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Table of Contents
Year : 2022  |  Volume : 11  |  Issue : 3  |  Page : 89-93

Efficacy of propofol versus ketamine in modified electroconvulsive therapy: A prospective randomized control trial

Department of Anaesthesiology and Critical Care, Armed Forces Medical College, Pune 411040, India

Date of Submission07-Feb-2022
Date of Decision16-May-2022
Date of Acceptance26-May-2022
Date of Web Publication27-Jun-2022

Correspondence Address:
Kiran Sheshadri
Department of Anaesthesiology and Critical Care, Armed Forces Medical College, Pune 411040
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Source of Support: None, Conflict of Interest: None

DOI: 10.4103/2221-6189.347775

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Objective: To investigate the effects of propofol and ketamine on seizure duration, hemodynamics, and recovery of electroconvulsive therapy (ECT).
Methods: This prospective randomized trial included patients who had undergone ECT under anesthesia. Patients received injection of propofol 1.5 mg/kg i.v. (the propofol group) or ketamine 0.8-1.2 mg/kg i.v. (the ketamine group) during ECT. Seizure duration, hemodynamics, and recovery were recorded and compared between the two groups.
Results: This trial included 44 patinets with 22 patients receiving propofol and 22 patients receiving ketamine. The total dose of propofol and ketamine was (105.68±25.27) mg and (81.36±24.55) mg, respectively. The motor seizure and electroencephalogram seizure duration were prolonged in the ketamine group (P<0.001). The hemodynamics at the admission of the two groups were comparable (P>0.05); however, the mean systolic blood pressure during the procedure was significantly higher in the ketamine group (P=0.04). Besides, spontaneous eye-opening in the ketamine group took longer than that of the propofol group (P=0.001).
Conclusion: Both propofol and ketamine are safe as anesthetic agents for modified ECT, and ketamine provides a longer seizure duration without hemodynamic instability or any significant complication.

Keywords: Electroconvulsive therapy; ECT; Propofol; Ketamine; Motor seizure duration; EEG seizure duration; Haemodynamic effects

How to cite this article:
Guha D, Sheshadri K, Singh S, Bhan S. Efficacy of propofol versus ketamine in modified electroconvulsive therapy: A prospective randomized control trial. J Acute Dis 2022;11:89-93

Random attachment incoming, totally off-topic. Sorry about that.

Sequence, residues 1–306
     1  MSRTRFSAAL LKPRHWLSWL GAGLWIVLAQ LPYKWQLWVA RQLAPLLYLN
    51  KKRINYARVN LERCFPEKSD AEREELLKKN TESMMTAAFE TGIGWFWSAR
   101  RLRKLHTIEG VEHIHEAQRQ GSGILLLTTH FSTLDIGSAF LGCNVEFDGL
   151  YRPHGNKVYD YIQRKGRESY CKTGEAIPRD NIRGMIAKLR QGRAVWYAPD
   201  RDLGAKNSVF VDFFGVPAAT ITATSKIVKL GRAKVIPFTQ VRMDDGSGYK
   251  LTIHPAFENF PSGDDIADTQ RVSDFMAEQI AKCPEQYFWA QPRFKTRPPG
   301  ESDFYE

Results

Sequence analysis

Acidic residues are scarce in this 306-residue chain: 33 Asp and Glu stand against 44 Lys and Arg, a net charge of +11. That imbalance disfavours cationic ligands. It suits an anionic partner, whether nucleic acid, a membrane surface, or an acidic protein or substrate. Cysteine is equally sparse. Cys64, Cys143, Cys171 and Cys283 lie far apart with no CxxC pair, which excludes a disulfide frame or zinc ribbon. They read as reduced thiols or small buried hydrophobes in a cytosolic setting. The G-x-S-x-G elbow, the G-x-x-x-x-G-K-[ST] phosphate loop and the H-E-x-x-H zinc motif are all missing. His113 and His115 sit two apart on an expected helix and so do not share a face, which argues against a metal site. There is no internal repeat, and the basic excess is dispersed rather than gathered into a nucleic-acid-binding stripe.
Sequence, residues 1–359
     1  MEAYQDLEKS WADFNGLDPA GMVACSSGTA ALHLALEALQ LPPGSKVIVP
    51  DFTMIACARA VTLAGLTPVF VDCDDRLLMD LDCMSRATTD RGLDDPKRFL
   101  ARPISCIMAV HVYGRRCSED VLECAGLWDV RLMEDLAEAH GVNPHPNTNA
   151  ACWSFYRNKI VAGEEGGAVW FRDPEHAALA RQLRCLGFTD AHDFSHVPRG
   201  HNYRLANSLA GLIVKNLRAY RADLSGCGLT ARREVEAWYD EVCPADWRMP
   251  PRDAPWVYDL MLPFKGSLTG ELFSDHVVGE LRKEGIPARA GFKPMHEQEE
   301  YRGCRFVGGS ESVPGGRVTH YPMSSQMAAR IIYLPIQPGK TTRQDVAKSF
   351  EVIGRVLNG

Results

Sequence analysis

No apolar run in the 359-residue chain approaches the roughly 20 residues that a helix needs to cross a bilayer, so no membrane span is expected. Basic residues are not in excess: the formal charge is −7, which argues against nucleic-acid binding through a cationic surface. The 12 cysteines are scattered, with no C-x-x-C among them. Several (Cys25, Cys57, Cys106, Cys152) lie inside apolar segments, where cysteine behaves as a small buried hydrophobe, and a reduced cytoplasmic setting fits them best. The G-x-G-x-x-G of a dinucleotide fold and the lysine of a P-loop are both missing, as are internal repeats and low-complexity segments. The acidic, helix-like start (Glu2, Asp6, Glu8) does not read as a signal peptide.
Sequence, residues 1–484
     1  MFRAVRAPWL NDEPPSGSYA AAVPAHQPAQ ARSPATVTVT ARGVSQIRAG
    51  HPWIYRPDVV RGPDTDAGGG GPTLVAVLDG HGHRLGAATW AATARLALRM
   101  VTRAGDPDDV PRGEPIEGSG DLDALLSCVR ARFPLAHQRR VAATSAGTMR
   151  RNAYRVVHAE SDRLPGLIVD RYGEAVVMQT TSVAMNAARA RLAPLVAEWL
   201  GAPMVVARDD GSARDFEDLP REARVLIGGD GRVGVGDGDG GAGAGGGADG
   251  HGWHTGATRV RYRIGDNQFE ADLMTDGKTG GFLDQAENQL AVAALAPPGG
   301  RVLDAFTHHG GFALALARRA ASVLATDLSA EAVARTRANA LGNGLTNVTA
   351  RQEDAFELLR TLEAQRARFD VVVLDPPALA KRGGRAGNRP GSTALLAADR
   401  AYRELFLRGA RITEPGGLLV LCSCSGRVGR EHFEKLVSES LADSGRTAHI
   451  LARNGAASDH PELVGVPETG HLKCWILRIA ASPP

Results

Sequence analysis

How to cite this URL:
Guha D, Sheshadri K, Singh S, Bhan S. Efficacy of propofol versus ketamine in modified electroconvulsive therapy: A prospective randomized control trial. J Acute Dis [serial online] 2022 [cited 2022 Aug 8];11:89-93. Available from: https://www.jadweb.org/text.asp?2022/11/3/89/347775

  1. Introduction Top

Electroconvulsive therapy (ECT) is the first-line treatment for patients with acute mania, mood disorders, severe depression, and catatonia[1],[2],[3]. The literature revealed treatment effectiveness is associated with the seizure duration during ECT[4],[5]. An ECT treatment has uncertain therapeutic benefits if motor seizure duration is less than 15 s or if motor seizure duration persists for a prolonged time. Treatment may be considered adequate only if the patient has had a generalized seizure that exceeds a predetermined minimum duration, in which 20 to 30 s are requested for motor seizure or 30 to 40 s are requested for electroencephalographic (EEG) manifestations.

The purpose of anesthesia during ECT is to induce an unconscious state, and the agents used should not impact motor seizure[6],[7]. Thus, the type of anesthetic agents used in modified ECT becomes very important as all anesthetic agents have some seizure modifying properties. The ideal hypnotic drug for ECT would have a series of characteristics of rapid onset, minimal effect on seizure duration, and smooth recovery. The most commonly used drug propofol has rapid induction and smooth recovery profile and anti-convulsion properties whereas ketamine is also frequently used for ECT anesthesia, which has less effect on seizure duration, adequate anesthesia, and analgesia with additional anti-depressive effect[8],[9]. Thus, it is important to provide a patient-oriented approach for both anesthesia and electric current administration, and communication between the anesthesiologist and the psychiatrist.